For the 80% of us with a grumbly lower back, research is telling us that ultimately an active approach is the most favourable in managing back pain in the long term.
This means you need to:
Keep active in your spare time
- In part 3 of this back pain series, we discussed how our sedentary lives are the major cause to low back pain. So what do you need to do about it? Get up and get moving!
- Swimming is a fantastic form of exercise for people with low back pain. While you are at the pool, try some walking in the shallow end – walk forwards because it is fantastic cardio, but try walking backwards as it is a great way to help you engage your buttock muscles.
- Get into any other exercise that you enjoy – walking, yoga, Pilates, Physiotonic classes, cross trainer… there is so much variety you can choose from.. and do exactly that – keep the exercise varied.
- Is cycling a good choice of exercise for low back pain? Maybe not – we’ll discuss this in a separate blog post soon!
- Keep your weight down
- Being overweight simply puts too much pressure on your spine. Make some changes to your dietary and exercise habits today!
- Work on your core strength
- Having a strong core that will help you prevent back pain, does not mean you have a six pack and can do 100 sit ups. Your six pack muscles are the outer core and don’t support your back.
- Instead, the deep core muscle that wraps around your trunk, is the one you need to improve and will help you get a stronger, more stable body. For more reading on your deep core visit:
- previous blog post, the ‘core essence of running’.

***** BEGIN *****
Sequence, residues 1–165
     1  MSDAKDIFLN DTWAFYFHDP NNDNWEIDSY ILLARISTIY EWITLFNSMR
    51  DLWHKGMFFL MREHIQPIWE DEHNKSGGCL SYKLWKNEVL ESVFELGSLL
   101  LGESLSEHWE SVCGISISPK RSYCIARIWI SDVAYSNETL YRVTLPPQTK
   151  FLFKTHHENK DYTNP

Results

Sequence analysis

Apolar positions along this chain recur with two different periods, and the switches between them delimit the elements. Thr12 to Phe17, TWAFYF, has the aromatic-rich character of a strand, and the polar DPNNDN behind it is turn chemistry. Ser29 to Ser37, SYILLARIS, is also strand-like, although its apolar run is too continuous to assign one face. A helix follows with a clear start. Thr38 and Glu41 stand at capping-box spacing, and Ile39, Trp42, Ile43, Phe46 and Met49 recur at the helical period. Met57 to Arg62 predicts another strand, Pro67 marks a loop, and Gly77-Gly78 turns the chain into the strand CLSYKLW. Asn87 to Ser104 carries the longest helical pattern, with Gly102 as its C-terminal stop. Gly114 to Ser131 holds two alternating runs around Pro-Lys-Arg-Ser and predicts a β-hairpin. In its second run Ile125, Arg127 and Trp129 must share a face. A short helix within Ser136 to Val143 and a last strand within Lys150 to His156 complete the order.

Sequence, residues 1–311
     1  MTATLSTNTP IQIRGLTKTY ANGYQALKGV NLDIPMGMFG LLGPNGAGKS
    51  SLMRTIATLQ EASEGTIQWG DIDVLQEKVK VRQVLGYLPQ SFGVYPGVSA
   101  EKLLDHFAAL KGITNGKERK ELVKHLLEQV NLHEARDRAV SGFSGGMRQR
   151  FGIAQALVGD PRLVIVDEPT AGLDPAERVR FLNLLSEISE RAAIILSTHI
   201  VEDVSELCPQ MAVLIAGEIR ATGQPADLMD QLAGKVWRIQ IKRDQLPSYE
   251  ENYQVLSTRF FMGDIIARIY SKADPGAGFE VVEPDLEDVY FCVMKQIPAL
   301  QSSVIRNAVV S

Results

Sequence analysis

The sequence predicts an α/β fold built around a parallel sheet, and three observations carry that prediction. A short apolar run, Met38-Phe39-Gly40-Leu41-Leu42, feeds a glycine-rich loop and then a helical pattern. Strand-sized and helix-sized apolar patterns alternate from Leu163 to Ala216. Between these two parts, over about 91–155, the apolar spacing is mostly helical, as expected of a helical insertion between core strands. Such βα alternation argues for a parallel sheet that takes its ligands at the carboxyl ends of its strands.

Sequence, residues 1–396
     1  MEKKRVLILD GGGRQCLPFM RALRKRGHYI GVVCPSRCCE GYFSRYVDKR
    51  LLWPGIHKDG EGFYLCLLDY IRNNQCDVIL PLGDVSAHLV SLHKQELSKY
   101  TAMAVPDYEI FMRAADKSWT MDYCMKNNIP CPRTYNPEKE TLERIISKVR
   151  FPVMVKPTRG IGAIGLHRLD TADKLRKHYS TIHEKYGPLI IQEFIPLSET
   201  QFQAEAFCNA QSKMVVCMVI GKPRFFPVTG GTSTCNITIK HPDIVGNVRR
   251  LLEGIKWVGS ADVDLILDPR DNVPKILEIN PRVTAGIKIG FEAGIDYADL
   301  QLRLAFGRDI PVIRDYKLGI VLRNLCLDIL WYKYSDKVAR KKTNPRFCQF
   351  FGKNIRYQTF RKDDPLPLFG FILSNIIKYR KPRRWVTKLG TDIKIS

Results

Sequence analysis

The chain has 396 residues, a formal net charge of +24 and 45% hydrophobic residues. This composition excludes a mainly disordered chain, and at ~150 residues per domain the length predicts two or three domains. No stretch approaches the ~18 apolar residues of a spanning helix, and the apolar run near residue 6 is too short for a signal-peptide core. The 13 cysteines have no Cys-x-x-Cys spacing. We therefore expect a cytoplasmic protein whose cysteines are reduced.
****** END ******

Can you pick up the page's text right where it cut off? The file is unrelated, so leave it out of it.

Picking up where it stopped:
- You will need to go through how to activate your inner core with your physio in detail. Or, come along to a Physiotonic class and we will get you sorted.
- Work on your buttock strength
- Your buttock muscles should be stronger than what they are!
- Stronger buttock muscles will give you more strength for everyday movements and will help to reduce the load on your spine. For more information go to http://www.physiotonic.com.au/what-we-work-on/gluteal-strengthening/
- Work on your flexibility
- We sit for so many hours in the week and get tight in some major muscle groups and joints. It is important to stretch what we tighten up to help our spine move more freely. For more information go to http://www.physiotonic.com.au/what-we-work-on/flexibility/.
- Keep working on your posture
- You need to learn a skill 10 000 times before your brain changes it pattern. So get cracking on teaching yourself good sitting habits! Improving your posture is a gradual process but just keep working at it! It is never too late to start!
This is the final blog post on this series for low back pain. To help manage back pain in the long term, our message is simple…get moving! Improve your posture, core strength, buttock strength and flexibility today with Physiotonic exercise classes. Visit our website at www.physiotonic.com.au to contact us.